SRx Health

Monoferric Infusion: 9 Key Facts You Should Know

How to know if this treatment can help you.
Monoferric infusion needle on paper with text

Your body is an incredibly delicate choir of vitamins, minerals, hormones, and more. They all harmonize together to keep you healthy. When a singer is missing, though, it can throw off the whole choir. That’s the case with an iron deficiency. Fortunately, a Monoferric infusion may help. Explore the innovative treatment in this thorough guide.

Table of Contents

1. What Is Iron and What Does It Do?

2. Iron Deficiency Anemia

3. What Is A Monoferric Infusion?

4. Benefits of A Monoferric Infusion

5. When Would A Monoferric Infusion Be Recommended?

6. Advantages and Disadvantages of A Monoferric Infusion

7. Who Is A Good Candidate for A Monoferric Infusion?

8. A Guide to the Monoferric Infusion Process

9. Risks and Possible Complications of A Monoferric Infusion

10. The SRx Infusion Clinic Is Ready to Serve You

What Is Iron and What Does It Do?

Iron is a mineral that the body needs for growth and development. Your body uses iron to make hemoglobin, a protein in red blood cells. Hemoglobin carries oxygen from the lungs to all parts of the body. Your body also uses iron to produce myoglobin, a protein that provides oxygen to muscles. Your body needs iron to make some hormones, as well. Iron is found naturally in many foods and is added to some fortified food products.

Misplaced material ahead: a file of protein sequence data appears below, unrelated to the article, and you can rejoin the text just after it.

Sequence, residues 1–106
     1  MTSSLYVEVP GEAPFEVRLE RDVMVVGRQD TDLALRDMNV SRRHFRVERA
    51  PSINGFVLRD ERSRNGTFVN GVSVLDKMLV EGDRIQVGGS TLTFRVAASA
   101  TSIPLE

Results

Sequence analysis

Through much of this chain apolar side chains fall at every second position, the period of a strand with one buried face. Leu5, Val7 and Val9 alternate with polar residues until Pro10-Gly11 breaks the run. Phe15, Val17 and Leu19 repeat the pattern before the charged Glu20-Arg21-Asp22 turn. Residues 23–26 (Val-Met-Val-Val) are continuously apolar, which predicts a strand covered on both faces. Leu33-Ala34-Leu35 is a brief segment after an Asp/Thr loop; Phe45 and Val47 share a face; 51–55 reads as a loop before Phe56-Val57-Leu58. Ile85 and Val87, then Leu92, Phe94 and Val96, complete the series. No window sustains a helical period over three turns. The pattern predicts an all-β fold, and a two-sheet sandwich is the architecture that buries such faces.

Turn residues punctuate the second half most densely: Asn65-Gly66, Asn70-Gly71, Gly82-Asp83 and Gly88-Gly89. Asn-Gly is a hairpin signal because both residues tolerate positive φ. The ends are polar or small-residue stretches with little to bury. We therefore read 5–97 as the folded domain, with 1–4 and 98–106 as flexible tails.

You can get iron by eating a variety of foods, including:

  • Lean meat, seafood, and poultry
  • Iron-fortified breakfast cereals and bread
  • White beans, lentils, spinach, broccoli, kidney beans, and peas
  • Nuts and some dried fruits like raisins

The amount of iron you need each day depends on your age, your sex, and whether you consume a mostly plant-based diet.

Iron-rich foods that may prevent the need for a monoferric infusion
Credit: Photka | Canva

Iron Deficiency Anemia

Iron deficiency anemia is a blood condition that develops when your body’s stores of iron drop too low to support normal red blood cell (RBC) production. There are many reasons this can happen.


  • Too little dietary iron
  • Limited iron absorption
  • Bleeding
  • Loss of iron in the urine

Iron deficiency isn’t as rare as you might think. Around 5% of Canadians ages 3 to 79 have low serum iron levels. Meanwhile, 19% of infants are iron-deficient.

Symptoms of Iron Deficiency

In many cases, a person with iron deficiency has no symptoms or overlooks their symptoms. Being observant of your health can let you know when there might be a problem. In the case of iron deficiency, symptoms can include:

  • Fatigue
  • Difficulty concentrating
  • Poor academic/work performance
  • Muscle weakness

Diagnosis and Treatment

If you suspect you may have iron deficiency, your next stop is your physician. They’ll test your hemoglobin levels and ferritin levels to make a diagnosis. The treatment for an iron deficiency depends on its severity. For mild iron deficiency anemia, simply taking in more dietary iron can help. If you have a moderate deficiency, your doctor will likely give you supplementary iron. This can be an oral supplement or an intravenous iron replacement.

Severe cases usually warrant an intravenous iron infusion and sometimes a blood transfusion. Your doctor will also try to find and treat the cause of your iron deficiency anemia.

What Is A Monoferric Infusion?